- On average, certain types of shares (small, value and high-quality profitable companies) will perform better than others over time. These are called Factors (4)
- Exposure to these factors, and not fund management skill, determines performance.
So, each of our portfolios buy most of the market but aim to beat the overall market’s rate of return by investing more in the above factors and less in other types of shares where the expected return is lower.
So, I get that but surely it makes sense to change things up from time to time?
Intuitively you’d think that might make sense but until new academic evidence comes along (or someone can be more effective than Vanguard, L & G or Dimensional) we will stick to our buy and hold strategy. Evidence tells us time and time again that this type of approach nearly always, always does better than a ‘pick the winning fund’ strategy.
Indeed, trying to pick the winning fund just ramps up the risk of doing less well because:
- You end up taking substantially more risks, as by their very nature an actively managed fund is way less diversified than our typical portfolio… and if you get it wrong, which statistics tell us is very likely, then you lose out
- You pay significantly higher charges. ‘Active’ fund managers quite rightly ask for a fee for their work and they also incur transaction costs each time an underlying investment is bought or sold. Using ‘active’ fund managers is typically 3 to 4x the cost of a Brett Investment portfolio. This is a hurdle that few active managers overcome.
So, our patient, buy and hold approach offers you:
- A much higher probability of investment success than an actively managed portfolio
- Significant cost savings compared to an ‘active’ alternative
- ‘Factors’ that give you a higher long term expected return
- Mass-diversification as typically we hold around 13,000 global company shares and 5,000+ global bonds (think haystack!)
- Investments in local currencies around the world, to reduce the reliance on any single currency
- Funds spread around the world, investing in developed and emerging economies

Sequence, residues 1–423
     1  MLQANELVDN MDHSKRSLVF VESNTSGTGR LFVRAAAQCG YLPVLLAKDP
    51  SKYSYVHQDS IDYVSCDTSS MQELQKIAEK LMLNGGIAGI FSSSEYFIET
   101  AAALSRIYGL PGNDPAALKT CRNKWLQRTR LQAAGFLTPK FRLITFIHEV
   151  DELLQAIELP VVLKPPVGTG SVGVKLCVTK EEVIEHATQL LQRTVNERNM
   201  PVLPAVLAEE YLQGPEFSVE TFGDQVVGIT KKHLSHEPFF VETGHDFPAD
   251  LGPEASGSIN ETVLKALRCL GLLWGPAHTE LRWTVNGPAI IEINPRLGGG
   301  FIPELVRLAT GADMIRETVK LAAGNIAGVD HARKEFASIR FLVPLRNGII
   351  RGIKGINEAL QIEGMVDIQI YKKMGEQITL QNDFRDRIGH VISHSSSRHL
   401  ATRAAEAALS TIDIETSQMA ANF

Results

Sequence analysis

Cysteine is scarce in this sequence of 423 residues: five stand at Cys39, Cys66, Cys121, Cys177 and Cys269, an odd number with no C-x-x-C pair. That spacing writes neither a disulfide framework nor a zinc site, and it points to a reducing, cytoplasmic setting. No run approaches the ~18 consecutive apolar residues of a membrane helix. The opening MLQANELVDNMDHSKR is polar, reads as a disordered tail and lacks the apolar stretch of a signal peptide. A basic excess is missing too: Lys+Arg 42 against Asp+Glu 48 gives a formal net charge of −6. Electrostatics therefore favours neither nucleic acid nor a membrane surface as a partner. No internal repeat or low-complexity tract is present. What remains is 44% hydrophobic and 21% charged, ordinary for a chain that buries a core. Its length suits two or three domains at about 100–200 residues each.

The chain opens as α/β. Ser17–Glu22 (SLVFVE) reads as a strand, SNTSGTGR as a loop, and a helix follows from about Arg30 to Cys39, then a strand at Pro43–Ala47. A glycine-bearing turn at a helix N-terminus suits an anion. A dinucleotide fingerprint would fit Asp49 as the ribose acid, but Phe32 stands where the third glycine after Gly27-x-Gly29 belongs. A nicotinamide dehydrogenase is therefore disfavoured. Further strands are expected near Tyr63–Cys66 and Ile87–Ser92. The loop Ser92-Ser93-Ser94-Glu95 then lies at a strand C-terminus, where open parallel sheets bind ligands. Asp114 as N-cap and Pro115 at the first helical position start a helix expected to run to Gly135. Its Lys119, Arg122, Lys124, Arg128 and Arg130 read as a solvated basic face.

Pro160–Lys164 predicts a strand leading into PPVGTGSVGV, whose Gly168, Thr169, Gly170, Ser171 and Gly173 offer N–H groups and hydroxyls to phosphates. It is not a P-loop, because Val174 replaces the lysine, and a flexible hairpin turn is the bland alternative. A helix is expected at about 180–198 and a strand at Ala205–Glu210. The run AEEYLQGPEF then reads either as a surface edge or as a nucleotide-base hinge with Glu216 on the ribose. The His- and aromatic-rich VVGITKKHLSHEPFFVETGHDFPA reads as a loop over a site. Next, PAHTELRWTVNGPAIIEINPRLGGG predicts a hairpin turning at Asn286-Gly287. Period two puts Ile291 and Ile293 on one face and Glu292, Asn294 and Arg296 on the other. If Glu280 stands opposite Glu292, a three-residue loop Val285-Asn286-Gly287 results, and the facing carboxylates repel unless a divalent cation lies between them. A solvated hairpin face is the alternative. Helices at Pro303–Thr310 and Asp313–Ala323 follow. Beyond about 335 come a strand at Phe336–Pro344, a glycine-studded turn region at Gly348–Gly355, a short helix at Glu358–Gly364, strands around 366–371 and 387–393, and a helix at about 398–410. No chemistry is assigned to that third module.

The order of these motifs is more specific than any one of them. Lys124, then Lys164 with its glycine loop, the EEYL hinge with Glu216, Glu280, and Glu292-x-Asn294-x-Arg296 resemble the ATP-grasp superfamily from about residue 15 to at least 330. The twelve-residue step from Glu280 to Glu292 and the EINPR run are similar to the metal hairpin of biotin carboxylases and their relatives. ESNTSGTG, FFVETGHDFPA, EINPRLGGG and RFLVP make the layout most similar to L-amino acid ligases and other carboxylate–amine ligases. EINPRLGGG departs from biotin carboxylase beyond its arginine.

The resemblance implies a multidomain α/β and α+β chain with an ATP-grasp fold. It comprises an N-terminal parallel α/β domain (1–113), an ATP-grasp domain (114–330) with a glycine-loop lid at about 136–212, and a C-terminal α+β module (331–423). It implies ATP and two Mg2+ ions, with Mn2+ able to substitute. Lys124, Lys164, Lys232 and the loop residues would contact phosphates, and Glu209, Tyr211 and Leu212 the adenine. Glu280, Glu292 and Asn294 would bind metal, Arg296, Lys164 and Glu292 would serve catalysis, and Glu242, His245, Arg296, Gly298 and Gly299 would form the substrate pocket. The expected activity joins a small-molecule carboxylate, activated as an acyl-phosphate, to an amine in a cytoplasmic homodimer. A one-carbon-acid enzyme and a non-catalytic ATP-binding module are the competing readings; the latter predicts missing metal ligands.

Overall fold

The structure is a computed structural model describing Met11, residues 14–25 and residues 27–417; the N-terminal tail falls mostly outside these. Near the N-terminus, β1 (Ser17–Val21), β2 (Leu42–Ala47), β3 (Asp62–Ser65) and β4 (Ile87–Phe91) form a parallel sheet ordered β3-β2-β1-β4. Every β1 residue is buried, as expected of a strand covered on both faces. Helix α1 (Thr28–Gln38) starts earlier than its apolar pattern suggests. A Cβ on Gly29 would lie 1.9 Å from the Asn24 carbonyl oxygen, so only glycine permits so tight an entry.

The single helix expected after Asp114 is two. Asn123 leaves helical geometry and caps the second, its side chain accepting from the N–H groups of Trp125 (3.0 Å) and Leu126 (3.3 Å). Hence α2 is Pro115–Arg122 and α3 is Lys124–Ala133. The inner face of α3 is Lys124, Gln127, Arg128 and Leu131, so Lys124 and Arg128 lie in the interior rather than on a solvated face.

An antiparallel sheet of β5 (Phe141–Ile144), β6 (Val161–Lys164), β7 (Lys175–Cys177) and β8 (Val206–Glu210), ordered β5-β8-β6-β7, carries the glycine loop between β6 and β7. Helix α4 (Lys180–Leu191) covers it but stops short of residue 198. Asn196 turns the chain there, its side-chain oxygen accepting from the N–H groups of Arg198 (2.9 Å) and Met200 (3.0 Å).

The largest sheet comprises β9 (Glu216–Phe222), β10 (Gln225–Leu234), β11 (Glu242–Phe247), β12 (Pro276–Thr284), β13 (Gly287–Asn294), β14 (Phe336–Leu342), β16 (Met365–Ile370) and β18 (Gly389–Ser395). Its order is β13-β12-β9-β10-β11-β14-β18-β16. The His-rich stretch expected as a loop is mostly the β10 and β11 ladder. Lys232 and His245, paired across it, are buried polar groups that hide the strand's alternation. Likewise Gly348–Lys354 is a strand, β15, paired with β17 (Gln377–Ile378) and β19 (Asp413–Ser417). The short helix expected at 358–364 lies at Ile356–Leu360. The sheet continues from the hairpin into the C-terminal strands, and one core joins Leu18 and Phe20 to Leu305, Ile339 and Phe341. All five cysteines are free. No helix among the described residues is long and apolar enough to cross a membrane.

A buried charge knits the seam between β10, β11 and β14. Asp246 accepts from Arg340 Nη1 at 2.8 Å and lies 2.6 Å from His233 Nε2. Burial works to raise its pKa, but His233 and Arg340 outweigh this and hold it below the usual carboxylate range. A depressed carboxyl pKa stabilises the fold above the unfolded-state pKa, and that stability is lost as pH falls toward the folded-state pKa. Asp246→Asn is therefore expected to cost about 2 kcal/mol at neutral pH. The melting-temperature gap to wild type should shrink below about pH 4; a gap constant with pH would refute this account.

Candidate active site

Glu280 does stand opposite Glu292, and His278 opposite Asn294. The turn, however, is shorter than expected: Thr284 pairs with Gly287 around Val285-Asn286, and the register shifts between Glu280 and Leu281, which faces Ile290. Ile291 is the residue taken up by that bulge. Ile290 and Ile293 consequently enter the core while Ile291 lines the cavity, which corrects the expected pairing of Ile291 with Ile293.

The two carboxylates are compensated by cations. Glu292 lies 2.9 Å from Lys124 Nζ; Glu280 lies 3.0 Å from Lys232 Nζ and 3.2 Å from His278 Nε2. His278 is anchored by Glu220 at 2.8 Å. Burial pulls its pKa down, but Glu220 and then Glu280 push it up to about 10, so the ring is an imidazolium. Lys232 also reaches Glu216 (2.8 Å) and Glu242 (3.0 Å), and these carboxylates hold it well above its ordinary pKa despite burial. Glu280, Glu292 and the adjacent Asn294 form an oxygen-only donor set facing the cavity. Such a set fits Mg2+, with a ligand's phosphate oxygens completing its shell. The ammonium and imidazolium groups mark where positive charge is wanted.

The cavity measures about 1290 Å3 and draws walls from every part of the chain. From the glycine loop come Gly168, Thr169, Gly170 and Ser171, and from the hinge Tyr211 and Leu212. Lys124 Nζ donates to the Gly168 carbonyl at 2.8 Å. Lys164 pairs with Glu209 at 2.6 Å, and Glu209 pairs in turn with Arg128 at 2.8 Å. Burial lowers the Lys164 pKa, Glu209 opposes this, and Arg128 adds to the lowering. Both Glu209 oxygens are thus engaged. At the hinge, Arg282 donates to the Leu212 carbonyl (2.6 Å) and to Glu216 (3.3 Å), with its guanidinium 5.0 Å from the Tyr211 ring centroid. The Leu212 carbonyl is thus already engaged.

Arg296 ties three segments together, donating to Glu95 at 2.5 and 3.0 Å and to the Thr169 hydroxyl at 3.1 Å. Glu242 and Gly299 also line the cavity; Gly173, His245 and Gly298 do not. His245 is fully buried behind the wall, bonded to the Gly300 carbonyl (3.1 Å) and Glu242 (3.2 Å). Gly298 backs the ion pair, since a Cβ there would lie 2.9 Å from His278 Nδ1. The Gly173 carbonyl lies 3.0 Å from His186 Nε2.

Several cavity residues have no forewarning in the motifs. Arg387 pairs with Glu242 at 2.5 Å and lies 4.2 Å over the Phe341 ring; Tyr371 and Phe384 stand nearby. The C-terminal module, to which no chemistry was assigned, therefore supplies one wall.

- Short-term loans to large companies and governments around the world. This provides a defensive element to your portfolio.
Doing nothing is nearly always right
And the vast majority of our clients have been doing precisely that – nothing.
Remember that you, and every other Brett Investment planning client, has a comprehensive financial plan in which the projected outcomes are agreed, and stress tested using reasonable assumptions around future inflation and investment returns.
At times like these…
So, at times like these remember to breathe, stop checking the markets, and go and do something else. Having a wee peek, although tempting, makes no difference to the markets but can have a detrimental impact on your mental well-being!
Remember your portfolio has been back tested over decades of different actual outcomes and has proven to be resilient time and time again. It is based on logic and science and not some forecast or prediction on what might or might not happen next.
Successful investing is nothing to do with forecasting the future instead the actual returns we end up experiencing are nearly always a function of investor behaviour. My job is not chasing the latest fad or shifting from “winning” fund to “winning” fund (never a good approach) instead I’m here to help you to identify what you can and cannot control and focus all of our decisions around the controllables.
Enjoy your day. And only try to control the controllable.
1. Source Vanguard
2. Fama, E. & French, K. (1992) The Cross Section of Expected Stock Returns / O’Reilly, G. & Rizova, S. (2013) Expected Profitability: A New Dimension of Expected Returns
3. Latest SPIVA Scorecard results
4. Dimensional Fund Advisers